Unfolding comment period gives Idahoans a voice for salmon

After two decades and five failed attempts to write a legal and biologically-sound plan to keep Idaho’s endangered salmon from going extinct, the federal government has announced a fall meeting schedule to gather public input about how to manage dams in the region.

The schedule was published in the Federal Register today and announces region-wide meetings that start Oct. 24 and run through Dec. 13. It consists of 15 meetings, four of which will be in Idaho: Oct. 26 in Priest River, Oct. 27 in Bonners Ferry, Nov. 16 in Lewiston and Nov. 29 in Boise. The public comment period opens today and closes Jan. 17.

“This is a once-in-a-generation opportunity for the people of the Pacific Northwest to speak with one voice on behalf of free flowing rivers and abundant salmon,” said Tom Stuart, an Idaho Rivers United board member and ardent advocate for salmon recovery. “We’re less than thrilled that the agencies in charge of this process have scheduled it on top of a presidential election cycle and the holiday season, but we’re confident Idahoans will be heard loud and clear in the weeks and months ahead.”

The three-month process is being undertaken by the U.S. Army Corps of Engineers, NOAA Fisheries and Bonneville Power Administration and is the result of a May 4 federal court ruling won by a coalition of conservation and sport fishing organizations, including Idaho Rivers United and the Sierra Club in Idaho. In that ruling, federal District Judge Michael Simon lambasted the federal government for failing to show that its dams on the Columbia and Snake rivers aren’t driving endangered salmon and steelhead further toward extinction. It was the fifth consecutive time in 25 years that a federal judge has overturned a salmon plan; Simon is the third judge to do so.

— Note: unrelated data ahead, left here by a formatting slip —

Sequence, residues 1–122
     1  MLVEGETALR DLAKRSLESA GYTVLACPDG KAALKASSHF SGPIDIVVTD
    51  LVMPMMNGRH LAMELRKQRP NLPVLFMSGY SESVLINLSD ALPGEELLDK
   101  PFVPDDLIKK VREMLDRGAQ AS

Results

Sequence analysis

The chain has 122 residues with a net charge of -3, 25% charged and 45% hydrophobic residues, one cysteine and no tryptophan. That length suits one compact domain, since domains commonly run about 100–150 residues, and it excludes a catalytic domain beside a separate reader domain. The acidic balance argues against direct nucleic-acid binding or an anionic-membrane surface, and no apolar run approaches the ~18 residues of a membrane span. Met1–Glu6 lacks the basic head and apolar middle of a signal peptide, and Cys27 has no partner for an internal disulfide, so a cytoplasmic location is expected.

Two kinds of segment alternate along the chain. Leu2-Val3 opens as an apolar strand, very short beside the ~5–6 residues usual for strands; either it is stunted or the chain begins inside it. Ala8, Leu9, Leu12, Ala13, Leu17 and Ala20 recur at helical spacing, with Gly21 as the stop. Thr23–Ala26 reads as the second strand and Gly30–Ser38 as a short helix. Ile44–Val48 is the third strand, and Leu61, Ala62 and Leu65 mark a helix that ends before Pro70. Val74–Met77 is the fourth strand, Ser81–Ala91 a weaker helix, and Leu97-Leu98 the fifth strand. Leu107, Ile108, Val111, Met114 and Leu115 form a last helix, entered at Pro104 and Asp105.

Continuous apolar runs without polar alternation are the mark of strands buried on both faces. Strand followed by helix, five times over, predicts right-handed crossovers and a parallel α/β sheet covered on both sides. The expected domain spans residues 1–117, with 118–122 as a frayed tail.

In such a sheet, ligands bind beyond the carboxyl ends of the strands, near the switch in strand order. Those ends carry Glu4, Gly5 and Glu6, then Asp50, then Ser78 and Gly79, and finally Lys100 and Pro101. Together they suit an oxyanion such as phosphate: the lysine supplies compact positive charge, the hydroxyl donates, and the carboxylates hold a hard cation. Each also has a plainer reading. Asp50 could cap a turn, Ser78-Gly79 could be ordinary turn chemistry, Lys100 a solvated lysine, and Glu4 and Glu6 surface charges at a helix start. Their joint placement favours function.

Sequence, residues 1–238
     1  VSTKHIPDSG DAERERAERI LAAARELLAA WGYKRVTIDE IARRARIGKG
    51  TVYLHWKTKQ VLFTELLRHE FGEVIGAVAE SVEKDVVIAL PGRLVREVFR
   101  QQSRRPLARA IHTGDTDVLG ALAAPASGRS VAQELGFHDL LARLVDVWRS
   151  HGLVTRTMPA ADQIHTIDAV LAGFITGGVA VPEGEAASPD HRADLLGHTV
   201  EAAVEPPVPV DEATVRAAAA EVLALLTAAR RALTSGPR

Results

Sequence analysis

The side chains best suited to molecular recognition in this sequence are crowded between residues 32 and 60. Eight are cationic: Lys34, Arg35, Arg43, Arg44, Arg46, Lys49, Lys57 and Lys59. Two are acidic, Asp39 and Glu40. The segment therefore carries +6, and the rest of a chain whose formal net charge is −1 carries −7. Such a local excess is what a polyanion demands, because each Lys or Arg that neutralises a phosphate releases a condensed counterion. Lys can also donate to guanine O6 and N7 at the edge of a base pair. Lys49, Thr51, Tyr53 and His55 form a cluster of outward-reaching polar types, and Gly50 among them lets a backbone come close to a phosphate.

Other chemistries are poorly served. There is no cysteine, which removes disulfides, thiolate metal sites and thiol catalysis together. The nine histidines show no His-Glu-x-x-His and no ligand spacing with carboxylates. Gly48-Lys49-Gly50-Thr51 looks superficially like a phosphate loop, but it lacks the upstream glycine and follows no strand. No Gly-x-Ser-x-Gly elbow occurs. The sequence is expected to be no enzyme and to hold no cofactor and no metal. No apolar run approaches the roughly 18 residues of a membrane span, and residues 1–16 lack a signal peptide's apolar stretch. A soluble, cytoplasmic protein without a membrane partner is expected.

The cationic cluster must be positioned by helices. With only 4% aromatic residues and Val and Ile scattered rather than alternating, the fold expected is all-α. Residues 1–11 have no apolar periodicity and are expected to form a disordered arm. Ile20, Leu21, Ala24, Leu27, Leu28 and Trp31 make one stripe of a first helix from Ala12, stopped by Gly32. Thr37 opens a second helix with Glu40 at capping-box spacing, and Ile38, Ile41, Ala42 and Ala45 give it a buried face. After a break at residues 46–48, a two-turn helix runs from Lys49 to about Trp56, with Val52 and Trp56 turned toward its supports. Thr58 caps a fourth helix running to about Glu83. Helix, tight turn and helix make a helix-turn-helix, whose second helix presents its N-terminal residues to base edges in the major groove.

Simon, however, went further than his predecessors and required that the federal government write an Environmental Impact Statement that considers an array of options. Simon wrote he doubted such a document could be written without thoroughly considering lower Snake River dam removal. Federal agencies then announced they would undertake a five-year process to write the document.

“Idaho’s salmon and people need help now, and they need certainty now,” Stuart said. “Five more years of salmon slaughter because of unnecessary dams is unconscionable. We need to free the Snake now.”

The Sierra Club’s Idaho director, Zack Waterman, pointed out that, despite $15 billion spent on techno fixes and other failed measures, salmon are no closer to recovery than they were two decades ago. 

“This is not just a historic opportunity to save Idaho’s wild salmon but also a chance to restore an entire river ecosystem," he said. "It would be one of the largest fishery restoration projects in human history and is an enormous economic opportunity for the state.”

Lana Weber is community engagement associate for the Idaho Conservation League, which is helping get the public get involved. She reiterated that this process is about people, and the more people the better.

“Public turnout and participation in this process is vital,” Weber said. “We are looking to the conservation community, fishing and outdoor businesses to play a role in stepping up and building a voice in the right direction for Idaho’s salmon.”